“Within the presupposition of division of labour, the product, the material of private property, acquires for the individual more and more the significance of an equivalent, and as he no longer exchanges only his surplus, and the object of his production can be simply a matter of indifference to him, so too he no longer exchanges his product for something directly needed by him. The equivalent comes into existence as an equivalent in money, which is now the immediate result of labour to gain a living and the medium of exchange.”
“The complete domination of the estranged thing over man has become evident in money, which is completely indifferent both to the nature of the material, i.e., to the specific nature of the private property, and to the personality of the property owner. What was the domination of person over person is now the general domination of the thing over the person, of the product over the producer. Just as the concept of the equivalent, the value, already implied the alienation of private property, so money is the sensuous, even objective existence of this alienation” (p.22).
Earlier in these same notes on Mill Marx had explained in more detail how human beings came to be dominated by the products of their own labour, while at the same time giving us a glimpse of how things would be different in a moneyless society:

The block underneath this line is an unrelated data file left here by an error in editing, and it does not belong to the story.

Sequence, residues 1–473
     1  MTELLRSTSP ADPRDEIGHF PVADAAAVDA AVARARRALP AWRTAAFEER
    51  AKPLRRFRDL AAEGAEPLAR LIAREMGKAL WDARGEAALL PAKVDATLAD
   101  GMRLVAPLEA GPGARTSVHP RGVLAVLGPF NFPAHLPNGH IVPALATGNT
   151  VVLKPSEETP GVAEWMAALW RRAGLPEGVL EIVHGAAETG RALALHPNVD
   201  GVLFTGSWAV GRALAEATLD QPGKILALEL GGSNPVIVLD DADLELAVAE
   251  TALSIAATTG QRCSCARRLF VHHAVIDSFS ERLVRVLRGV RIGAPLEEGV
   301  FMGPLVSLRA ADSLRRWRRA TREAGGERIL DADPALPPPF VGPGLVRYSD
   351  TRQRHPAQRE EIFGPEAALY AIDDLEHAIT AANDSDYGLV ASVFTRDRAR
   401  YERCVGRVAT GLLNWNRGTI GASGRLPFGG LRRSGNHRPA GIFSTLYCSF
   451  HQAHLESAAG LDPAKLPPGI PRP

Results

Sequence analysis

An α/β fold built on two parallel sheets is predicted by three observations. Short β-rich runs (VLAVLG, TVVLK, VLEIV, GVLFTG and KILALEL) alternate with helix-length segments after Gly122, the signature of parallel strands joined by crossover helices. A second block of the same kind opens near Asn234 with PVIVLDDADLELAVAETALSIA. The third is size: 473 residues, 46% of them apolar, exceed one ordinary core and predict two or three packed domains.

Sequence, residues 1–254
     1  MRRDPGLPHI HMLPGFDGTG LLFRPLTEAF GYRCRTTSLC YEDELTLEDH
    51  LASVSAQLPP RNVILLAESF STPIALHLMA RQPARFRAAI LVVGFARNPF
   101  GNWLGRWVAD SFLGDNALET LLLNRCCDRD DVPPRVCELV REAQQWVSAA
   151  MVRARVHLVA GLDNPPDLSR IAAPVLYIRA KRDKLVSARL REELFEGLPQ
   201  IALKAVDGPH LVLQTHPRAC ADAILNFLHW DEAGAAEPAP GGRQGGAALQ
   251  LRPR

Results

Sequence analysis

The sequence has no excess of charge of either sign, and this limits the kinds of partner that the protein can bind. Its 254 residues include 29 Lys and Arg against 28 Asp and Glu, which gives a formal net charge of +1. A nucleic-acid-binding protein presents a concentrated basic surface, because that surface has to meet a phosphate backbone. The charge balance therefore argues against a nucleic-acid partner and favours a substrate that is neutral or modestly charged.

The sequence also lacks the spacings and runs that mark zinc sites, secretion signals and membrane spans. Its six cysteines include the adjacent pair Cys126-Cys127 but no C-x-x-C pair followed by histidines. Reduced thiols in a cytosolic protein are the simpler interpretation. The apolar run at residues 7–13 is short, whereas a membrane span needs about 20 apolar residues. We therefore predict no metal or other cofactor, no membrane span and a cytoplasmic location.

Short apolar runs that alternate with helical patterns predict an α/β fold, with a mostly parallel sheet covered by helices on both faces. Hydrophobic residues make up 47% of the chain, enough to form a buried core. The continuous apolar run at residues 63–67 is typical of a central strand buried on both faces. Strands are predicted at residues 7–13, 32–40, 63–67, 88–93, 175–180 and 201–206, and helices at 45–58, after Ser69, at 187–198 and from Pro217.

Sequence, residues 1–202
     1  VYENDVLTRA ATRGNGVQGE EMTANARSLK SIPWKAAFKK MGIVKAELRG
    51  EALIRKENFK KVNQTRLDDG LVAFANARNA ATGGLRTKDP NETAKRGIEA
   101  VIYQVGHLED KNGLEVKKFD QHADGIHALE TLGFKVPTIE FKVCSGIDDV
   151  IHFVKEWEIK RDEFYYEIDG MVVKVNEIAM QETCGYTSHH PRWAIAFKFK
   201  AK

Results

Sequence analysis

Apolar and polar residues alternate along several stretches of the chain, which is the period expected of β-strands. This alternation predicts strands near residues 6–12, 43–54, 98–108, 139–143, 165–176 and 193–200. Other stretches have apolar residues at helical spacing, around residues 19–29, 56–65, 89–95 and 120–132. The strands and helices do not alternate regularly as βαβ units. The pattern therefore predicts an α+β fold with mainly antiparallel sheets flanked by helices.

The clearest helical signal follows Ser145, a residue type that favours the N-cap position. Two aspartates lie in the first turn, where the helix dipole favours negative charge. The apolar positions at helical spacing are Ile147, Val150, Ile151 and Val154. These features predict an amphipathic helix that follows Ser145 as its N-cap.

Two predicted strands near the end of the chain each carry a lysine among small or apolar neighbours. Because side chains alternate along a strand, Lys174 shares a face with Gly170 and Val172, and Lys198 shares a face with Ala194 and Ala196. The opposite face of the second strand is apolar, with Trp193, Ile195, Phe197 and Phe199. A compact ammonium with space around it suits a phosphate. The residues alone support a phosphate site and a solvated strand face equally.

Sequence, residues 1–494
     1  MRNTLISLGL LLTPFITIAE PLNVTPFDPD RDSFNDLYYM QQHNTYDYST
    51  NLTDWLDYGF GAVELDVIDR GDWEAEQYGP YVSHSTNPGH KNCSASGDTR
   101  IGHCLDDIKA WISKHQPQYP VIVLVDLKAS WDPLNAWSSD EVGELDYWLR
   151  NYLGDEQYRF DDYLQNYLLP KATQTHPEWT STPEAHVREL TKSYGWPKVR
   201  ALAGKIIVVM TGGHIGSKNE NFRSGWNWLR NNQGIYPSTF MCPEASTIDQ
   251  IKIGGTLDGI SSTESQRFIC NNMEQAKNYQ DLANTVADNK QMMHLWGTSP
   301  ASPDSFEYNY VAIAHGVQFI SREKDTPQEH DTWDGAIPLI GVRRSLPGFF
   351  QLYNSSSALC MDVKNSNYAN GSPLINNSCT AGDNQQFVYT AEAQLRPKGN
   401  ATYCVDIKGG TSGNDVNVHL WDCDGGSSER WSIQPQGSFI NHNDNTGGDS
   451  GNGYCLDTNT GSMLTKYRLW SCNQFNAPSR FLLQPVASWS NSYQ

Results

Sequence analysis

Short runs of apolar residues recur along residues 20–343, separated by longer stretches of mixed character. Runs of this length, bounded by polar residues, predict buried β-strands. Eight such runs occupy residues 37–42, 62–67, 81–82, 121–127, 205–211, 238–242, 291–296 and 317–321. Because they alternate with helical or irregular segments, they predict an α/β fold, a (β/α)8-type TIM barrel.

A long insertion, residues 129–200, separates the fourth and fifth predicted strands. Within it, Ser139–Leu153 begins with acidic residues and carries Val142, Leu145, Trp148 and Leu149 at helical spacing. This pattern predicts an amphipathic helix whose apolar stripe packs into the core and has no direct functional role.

“The essence of money is not, in the first place, that property is alienated in it, but that the mediating activity or movement, the human, social act by which man’s products mutually complement one another, is estranged from man and becomes the attribute of money, a material thing outside man. Since man alienates this mediating activity itself, he is active here only as a man who has lost himself and is dehumanised; the relation itself between things, man’s operation with them, becomes the operation of an entity outside and above man. Owing to this alien mediator—instead of man himself being the mediator for man—man regards his will, his activity and his relation to other men as a power independent of him and them. His slavery, therefore, reaches its peak. It is clear that this mediator now becomes a real God, for the mediator is the real power over what it mediates to me. Its cult becomes an end in itself. Objects separated from this mediator have lost their value. Hence the objects only have value insofar as they represent the mediator, whereas originally it seemed that the mediator had value only insofar as it represented them. This reversal of the original relationship is inevitable” (p.212).
In his well-known Economic and Philosophical Manuscripts of 1844 (which were also never published in his life-time) Marx, in what could be regarded as a prophetic vision of the sort of commercial, advertisers’ world we have to suffer today, expanded on the point about the pursuit of money becoming the main aim of life in private property society:
“The need for money is therefore the true need produced by the economic system, and it is the only need which the latter produces. The quantity of money becomes to an ever greater degree its sole effective quality. Just as it reduces everything to its abstract form, so it reduces itself in the course of its own movement to quantitative being. Excess and intemperance come to be its true norm.